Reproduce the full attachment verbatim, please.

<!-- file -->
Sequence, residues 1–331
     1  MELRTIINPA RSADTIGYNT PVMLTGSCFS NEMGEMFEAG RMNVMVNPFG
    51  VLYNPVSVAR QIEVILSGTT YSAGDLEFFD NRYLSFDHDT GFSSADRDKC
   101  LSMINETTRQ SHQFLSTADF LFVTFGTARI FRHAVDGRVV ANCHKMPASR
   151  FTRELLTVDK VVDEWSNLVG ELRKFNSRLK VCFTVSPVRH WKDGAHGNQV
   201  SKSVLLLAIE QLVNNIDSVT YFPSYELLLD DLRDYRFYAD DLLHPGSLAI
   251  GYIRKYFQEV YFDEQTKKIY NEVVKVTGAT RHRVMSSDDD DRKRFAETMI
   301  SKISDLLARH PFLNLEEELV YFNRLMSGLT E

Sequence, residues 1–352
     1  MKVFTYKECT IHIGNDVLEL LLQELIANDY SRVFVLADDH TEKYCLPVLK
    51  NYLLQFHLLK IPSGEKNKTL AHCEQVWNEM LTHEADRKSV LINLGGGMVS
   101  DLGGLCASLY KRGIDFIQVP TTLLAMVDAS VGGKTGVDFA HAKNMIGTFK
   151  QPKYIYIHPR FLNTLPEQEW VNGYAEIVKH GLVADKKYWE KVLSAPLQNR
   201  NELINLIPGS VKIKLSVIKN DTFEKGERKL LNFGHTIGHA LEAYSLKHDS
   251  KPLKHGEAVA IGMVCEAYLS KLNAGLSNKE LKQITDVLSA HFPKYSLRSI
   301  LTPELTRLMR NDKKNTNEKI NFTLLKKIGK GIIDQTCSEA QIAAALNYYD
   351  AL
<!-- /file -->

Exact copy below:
Sequence, residues 1–331
     1  MELRTIINPA RSADTIGYNT PVMLTGSCFS NEMGEMFEAG RMNVMVNPFG
    51  VLYNPVSVAR QIEVILSGTT YSAGDLEFFD NRYLSFDHDT GFSSADRDKC
   101  LSMINETTRQ SHQFLSTADF LFVTFGTARI FRHAVDGRVV ANCHKMPASR
   151  FTRELLTVDK VVDEWSNLVG ELRKFNSRLK VCFTVSPVRH WKDGAHGNQV
   201  SKSVLLLAIE QLVNNIDSVT YFPSYELLLD DLRDYRFYAD DLLHPGSLAI
   251  GYIRKYFQEV YFDEQTKKIY NEVVKVTGAT RHRVMSSDDD DRKRFAETMI
   301  SKISDLLARH PFLNLEEELV YFNRLMSGLT E

Sequence, residues 1–352
     1  MKVFTYKECT IHIGNDVLEL LLQELIANDY SRVFVLADDH TEKYCLPVLK
    51  NYLLQFHLLK IPSGEKNKTL AHCEQVWNEM LTHEADRKSV LINLGGGMVS
   101  DLGGLCASLY KRGIDFIQVP TTLLAMVDAS VGGKTGVDFA HAKNMIGTFK
   151  QPKYIYIHPR FLNTLPEQEW VNGYAEIVKH GLVADKKYWE KVLSAPLQNR
   201  NELINLIPGS VKIKLSVIKN DTFEKGERKL LNFGHTIGHA LEAYSLKHDS
   251  KPLKHGEAVA IGMVCEAYLS KLNAGLSNKE LKQITDVLSA HFPKYSLRSI
   301  LTPELTRLMR NDKKNTNEKI NFTLLKKIGK GIIDQTCSEA QIAAALNYYD
   351  AL